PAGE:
7:00am, gorgeous blue sky outside, not even a single cloud up there.
Today is no different from any other training day, other than the fact that an Examiner will be seating next to me on a tough flight for over 2 hours.
Despite the superb weather, the forecast is far from great. Snow expected from 3:00pm onwards, foggy conditions later in the afternoon, I could have hoped better for a test.
We brief the flight, the examiner tells me he'd like to go to Exeter for an Rnav approach on either runway (notherly wind, runway 08/26).
As I brought along all the performance calculations, filled-in mass & balance sheets, he has a quick look on that before we walk to the aircraft while he asks me some general IR-related questions.
Start-up clearance copied, minutes later we're holding short of runway 26 for a north-westerly departure on track to MULIT, our entry in the Airway. It turns out we're number 6 for take-off, and there are at least 4 or 5 planes either in the approach or on the procedure to land.
After more than 20 minutes wait, we're finally cleared for take-off whilst the sky is slowly turning to dark grey as the bad weather comes in. Not looking too good, our plane is not de-iced equipped, the freezing level is ... below the ground level, so basically if we get any ice in flight we're gonna have to land asap and abort the test.
Line-up checks done, 2000rpm on brakes, released, full power and the two Lycoming engines come to life. Soon the back pressure is clearly pushing us a bit deeper in the seats, rotation speed is reached very quickly, pitch up 8°, positive rate of climb, gear up. After take-off checklist, and here I am flying away on an assigned heading to intercept a VOR Radial leading to the Airway.
I was planning to backtrack the NDB to a point 35nm from SAM VOR on the 275° Radial, but ATC wants me to stay on heading until I reached the oubtound track from SAM.
I'm passed onto Bournemouth Approach and further away onto Yeovilton Radar while reaching FL65 as a cruise level. That's a short flight and there's not much time for rest. Quick check to the wings (the examiner is actually doing the look-out as I'm blind behind the screens (to simulate IMC, while we're actually IMC anyway)), no ice, up to now everything seems good. I listen and write down the ATIS, weather at Exeter is still manageable, and I brief the arrival to both the examiner and myself. ATC is busy and I'm issued with a late airway clearance by a Cardiff controler who I'm having troubles to understand due to some strong accent. We're in the airway at FL70 for 4 minutes only, as the Rnav approach commences there. The procedure is loaded and activated in the GPS (which now commands the HSI), and as the Exeter controler clears me for the approach, I turn towards Letsi to then fly towards the Initial Approach Fix. We've got to come down from FL70 to 2800ft altitude in just a couple of miles, I choose not to pop the gear down (which is an excellent airbrake) as the speed is under control. Pre-landing checks, final course selected on the HSI, GPS cross-checked with conventional navaids, and descent can finally start as I reach the Final Approach Fix. One stage of flaps, gear down, props full fine pitch, check 3 greens and throttles back to 14" manifold pressure (3.5° glide slope). Every mile on the descent, I compare my altitude against the published altitudes on the approach plate. Next frequency is set up in the Comm 1 box ready for use, the missed-approach procedure is briefed, I can now focus entirely on the final approach. I level off roughly 30ft above MDA (minimum decision altitude) until the missed-approach point.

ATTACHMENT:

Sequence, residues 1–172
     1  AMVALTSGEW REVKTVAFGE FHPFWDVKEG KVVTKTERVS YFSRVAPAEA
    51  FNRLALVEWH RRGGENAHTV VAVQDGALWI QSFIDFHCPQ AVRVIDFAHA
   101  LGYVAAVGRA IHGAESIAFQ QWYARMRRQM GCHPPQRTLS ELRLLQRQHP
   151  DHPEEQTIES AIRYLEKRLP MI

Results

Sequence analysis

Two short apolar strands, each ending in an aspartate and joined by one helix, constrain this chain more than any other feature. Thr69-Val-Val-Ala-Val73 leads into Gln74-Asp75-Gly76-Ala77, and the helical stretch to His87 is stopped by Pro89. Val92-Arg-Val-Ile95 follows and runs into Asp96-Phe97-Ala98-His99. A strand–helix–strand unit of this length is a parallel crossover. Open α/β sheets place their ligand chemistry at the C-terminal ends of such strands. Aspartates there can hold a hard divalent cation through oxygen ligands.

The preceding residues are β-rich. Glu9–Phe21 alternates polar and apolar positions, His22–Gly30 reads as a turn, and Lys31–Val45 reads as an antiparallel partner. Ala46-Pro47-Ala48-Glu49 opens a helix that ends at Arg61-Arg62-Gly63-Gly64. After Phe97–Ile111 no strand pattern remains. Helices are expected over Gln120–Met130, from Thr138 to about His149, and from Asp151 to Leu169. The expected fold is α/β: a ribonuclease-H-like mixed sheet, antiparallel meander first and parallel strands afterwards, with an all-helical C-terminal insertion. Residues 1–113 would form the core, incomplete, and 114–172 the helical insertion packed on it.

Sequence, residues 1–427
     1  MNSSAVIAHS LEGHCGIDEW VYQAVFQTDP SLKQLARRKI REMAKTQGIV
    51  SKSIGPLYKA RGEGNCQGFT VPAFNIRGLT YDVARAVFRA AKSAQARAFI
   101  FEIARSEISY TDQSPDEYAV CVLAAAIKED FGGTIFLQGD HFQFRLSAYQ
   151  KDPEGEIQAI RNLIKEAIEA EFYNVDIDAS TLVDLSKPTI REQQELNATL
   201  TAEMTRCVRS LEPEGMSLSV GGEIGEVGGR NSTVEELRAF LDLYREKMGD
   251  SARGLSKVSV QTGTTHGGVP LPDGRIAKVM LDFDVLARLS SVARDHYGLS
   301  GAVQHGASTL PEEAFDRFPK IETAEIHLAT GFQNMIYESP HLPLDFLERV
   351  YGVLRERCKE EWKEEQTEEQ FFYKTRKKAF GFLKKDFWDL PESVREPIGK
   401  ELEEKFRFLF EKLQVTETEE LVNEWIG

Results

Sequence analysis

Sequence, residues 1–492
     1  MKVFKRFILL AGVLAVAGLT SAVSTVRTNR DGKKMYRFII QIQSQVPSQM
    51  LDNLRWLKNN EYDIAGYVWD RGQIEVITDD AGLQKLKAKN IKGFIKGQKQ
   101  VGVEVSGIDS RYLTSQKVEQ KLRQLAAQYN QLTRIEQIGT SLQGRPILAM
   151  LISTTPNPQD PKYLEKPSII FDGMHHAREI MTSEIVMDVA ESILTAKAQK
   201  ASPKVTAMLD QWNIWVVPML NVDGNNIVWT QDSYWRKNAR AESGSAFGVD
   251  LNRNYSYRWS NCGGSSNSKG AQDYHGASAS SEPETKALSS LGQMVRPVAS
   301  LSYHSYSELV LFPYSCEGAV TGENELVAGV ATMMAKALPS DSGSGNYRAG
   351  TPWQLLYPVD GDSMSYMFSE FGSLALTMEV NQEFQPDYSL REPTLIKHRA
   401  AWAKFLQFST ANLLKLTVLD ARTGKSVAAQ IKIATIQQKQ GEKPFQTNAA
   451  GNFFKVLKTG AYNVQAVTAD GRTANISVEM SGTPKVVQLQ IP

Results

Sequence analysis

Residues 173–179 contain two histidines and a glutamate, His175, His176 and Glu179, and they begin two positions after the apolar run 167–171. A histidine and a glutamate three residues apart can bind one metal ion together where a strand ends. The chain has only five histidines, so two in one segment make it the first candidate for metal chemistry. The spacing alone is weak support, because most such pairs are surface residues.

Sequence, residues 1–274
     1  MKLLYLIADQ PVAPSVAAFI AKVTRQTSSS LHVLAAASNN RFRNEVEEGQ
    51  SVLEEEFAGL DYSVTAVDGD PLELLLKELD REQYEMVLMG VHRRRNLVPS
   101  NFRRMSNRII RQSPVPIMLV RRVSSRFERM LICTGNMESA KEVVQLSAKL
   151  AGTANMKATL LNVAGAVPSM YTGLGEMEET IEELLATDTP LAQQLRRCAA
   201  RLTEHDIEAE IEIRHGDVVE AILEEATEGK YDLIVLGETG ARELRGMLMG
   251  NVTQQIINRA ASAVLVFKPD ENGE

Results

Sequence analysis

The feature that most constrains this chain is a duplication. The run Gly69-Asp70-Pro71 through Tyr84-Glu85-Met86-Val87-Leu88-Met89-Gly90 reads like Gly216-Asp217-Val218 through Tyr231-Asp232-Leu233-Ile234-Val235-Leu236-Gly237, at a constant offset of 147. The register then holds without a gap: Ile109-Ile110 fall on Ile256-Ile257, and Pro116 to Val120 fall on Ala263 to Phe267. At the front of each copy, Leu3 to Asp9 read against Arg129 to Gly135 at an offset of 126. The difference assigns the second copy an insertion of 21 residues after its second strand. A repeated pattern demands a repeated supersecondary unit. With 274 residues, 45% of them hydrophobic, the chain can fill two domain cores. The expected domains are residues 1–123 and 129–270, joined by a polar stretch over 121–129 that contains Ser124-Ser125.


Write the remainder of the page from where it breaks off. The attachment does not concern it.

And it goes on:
Go around initiated, I raise the gear and the flaps, power back to 25"/2500rpm, announce "Exam 09, going around" and at this right time the examiner simulates an engine failure by pulling all the way back one of the engines levers ... Massive yaw soon under control, I'm chasing Vy speed (best climb rate, 85kts), and feather the "dead" engine (touch drills only). I give a quick update to the control, turn onto my go/around heading of 180°, and complete the emergency drill, before getting back on to the navigation.
Climbing back to FL50, here comes the general handling part of the test. For that purpose, we have to cut off the heater while doing the manoeuvers, and we'll find out later it won't start up until we actually land back in Bournemouth. I'm asked to demonstrate two stalls (one in the approach configuration, the other one in landing configuration), there's no stall alarm as the device is probably glued in position with some strong ice so I have to hold it until the onset of the stall, i.e. the buffet feeling in the control column. I then have my primary flight instrument and my two primary navigation instruments taken away (hidden actually) and I now have to turn onto given headings by using time and Rate 1 turns, and recover from unsual attitudes (the examiner takes the control and puts the plane in some deeply nose down/up attitudes just before he hands me back the controls).
The remaining 45 minutes flying in some very cold air with no working heater are not great fun.
I'm still very grateful the examiner was ok completing the rest of the flight given the circumstances.
Other than the extreme cold in the cabin, the hold and ILS procedure (on one engine) are pretty much eventless as the wind drops a lot in the evening. Still not done though, one single engine go around to do a circle-to-land before finally hearing the very pleasing "Congratulation Captain, that's a pass" as we land back on the concrete in Bournemouth.
Unfortunately, I haven't had the time to update my blog as much as I wanted and I have to skip a few very intesting flights, including my 170A pre-test to Guernsey. I put a couple of pictures taken from there below.
That's the end of a 50h course, and the biginning of an exciting adventure as I put my hands on a Kingair for the very first time today.
Airborne life continues...